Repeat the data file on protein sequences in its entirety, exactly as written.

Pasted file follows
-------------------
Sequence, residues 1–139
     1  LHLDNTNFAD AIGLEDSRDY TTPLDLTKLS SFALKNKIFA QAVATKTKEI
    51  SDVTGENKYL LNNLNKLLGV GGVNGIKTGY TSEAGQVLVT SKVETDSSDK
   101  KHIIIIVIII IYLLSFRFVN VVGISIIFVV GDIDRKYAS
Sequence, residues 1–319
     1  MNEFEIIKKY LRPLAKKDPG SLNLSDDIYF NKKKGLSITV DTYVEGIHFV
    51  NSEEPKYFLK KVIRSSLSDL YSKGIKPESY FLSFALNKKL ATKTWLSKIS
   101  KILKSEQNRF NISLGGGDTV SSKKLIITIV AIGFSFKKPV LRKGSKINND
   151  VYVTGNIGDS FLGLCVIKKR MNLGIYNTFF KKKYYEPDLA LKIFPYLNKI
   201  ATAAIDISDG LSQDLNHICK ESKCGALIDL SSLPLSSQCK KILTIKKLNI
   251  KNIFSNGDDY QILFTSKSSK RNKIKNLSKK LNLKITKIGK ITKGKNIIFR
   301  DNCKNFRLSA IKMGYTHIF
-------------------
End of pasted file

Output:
Sequence, residues 1–139
     1  LHLDNTNFAD AIGLEDSRDY TTPLDLTKLS SFALKNKIFA QAVATKTKEI
    51  SDVTGENKYL LNNLNKLLGV GGVNGIKTGY TSEAGQVLVT SKVETDSSDK
   101  KHIIIIVIII IYLLSFRFVN VVGISIIFVV GDIDRKYAS
Sequence, residues 1–319
     1  MNEFEIIKKY LRPLAKKDPG SLNLSDDIYF NKKKGLSITV DTYVEGIHFV
    51  NSEEPKYFLK KVIRSSLSDL YSKGIKPESY FLSFALNKKL ATKTWLSKIS
   101  KILKSEQNRF NISLGGGDTV SSKKLIITIV AIGFSFKKPV LRKGSKINND
   151  VYVTGNIGDS FLGLCVIKKR MNLGIYNTFF KKKYYEPDLA LKIFPYLNKI
   201  ATAAIDISDG LSQDLNHICK ESKCGALIDL SSLPLSSQCK KILTIKKLNI
   251  KNIFSNGDDY QILFTSKSSK RNKIKNLSKK LNLKITKIGK ITKGKNIIFR
   301  DNCKNFRLSA IKMGYTHIF